DJ Stutz 23:31
That's so do you think that things like video games are productive for these kids? are? Are they a hindered to them?
Dr. Walt Karniski 23:41
Well, the fact that they can watch the video games for an hour is a plus. But what they're gaining from that is another question. And I think that's a whole topic of discussion, we could do an entire podcast on whether video games are helpful or not. So I think kids nowadays need to be exposed to the video games, because they're not going to be able to avoid it in their lives. But they need to be taught how to put limits on how much time they spend playing video games. And I don't mean that you put the limits on them. They need to be taught how to put the limits on themselves.
DJ Stutz 24:20
Now there's the trick, isn't it?
Dr. Walt Karniski 24:22
And that is a trick. That's absolutely right. That's not an easy task. But that's the task that is before us.
DJ Stutz 24:29
Do you have any ideas on how a parent could try to help their kids establish that?
Dr. Walt Karniski 24:35
Well, let me go back to the issue of medication for a second. You know, I've had parents frequently say, okay, maybe he does have ADHD, but can we try counseling first? Can we try behavior management? Can we try executive function training? Can we try biofeedback? In other words, they try many different non medication ways of treating the ADHD. Again, the research studies so that on a short term basis, some of those interventions are helpful and productive. But on a long term basis, they're not. Because what the brains job is, is to take that information and to compartmentalize it in the brain so that the, that child has access to that information, read his life, and if they've been taught how to attend, and how to focus, and how to learn, they need to be able to access that. And what we found is that children who attempt those non medication strategies don't seem to be able to learn the strategies until they are on medication. And the medication kind of opens the door allows them to walk through to get the therapy that it's on the other side.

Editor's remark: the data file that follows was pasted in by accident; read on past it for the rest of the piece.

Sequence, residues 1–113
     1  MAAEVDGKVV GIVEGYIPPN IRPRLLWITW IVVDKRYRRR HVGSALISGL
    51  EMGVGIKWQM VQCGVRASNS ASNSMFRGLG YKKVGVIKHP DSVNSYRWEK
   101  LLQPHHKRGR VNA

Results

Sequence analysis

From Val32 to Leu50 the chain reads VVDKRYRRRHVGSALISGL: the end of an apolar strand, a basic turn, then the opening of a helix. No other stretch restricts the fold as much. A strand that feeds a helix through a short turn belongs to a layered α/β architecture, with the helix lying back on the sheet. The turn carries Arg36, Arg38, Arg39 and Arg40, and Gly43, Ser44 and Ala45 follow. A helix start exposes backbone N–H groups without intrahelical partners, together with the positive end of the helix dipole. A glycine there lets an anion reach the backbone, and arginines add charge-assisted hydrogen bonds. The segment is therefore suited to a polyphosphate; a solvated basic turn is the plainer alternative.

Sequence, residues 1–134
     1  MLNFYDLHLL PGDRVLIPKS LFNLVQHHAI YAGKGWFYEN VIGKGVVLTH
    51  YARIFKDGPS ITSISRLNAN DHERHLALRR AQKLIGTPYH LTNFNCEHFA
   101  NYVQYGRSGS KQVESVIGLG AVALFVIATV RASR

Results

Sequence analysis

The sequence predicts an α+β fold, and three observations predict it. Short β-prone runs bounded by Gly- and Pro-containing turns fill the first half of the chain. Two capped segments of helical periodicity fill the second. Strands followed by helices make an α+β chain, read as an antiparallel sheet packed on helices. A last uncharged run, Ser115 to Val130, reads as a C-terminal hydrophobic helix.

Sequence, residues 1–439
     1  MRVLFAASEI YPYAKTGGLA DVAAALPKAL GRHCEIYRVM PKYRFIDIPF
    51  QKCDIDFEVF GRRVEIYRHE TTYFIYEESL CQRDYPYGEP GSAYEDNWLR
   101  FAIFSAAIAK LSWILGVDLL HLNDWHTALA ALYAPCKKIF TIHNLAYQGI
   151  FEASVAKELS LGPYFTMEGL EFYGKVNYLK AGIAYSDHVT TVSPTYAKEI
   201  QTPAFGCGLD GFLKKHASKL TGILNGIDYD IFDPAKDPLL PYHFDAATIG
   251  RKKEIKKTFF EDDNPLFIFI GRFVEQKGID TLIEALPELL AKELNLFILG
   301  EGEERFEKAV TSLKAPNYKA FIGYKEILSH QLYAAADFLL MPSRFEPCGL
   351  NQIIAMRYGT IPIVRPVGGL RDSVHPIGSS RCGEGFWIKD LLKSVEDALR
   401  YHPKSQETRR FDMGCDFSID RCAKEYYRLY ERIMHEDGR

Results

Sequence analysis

DJ Stutz 25:46
So we're looking at these things working in tandem. Yes. So I see kids coming in as young as three, four with these diagnosis of ADHD. I also hear other experts say, that's way too young. We can't No, three and four year old five year old kids are just kind of off the wall. Anyway, that's the nature of the beast. So what are your thoughts there?
Dr. Walt Karniski 26:10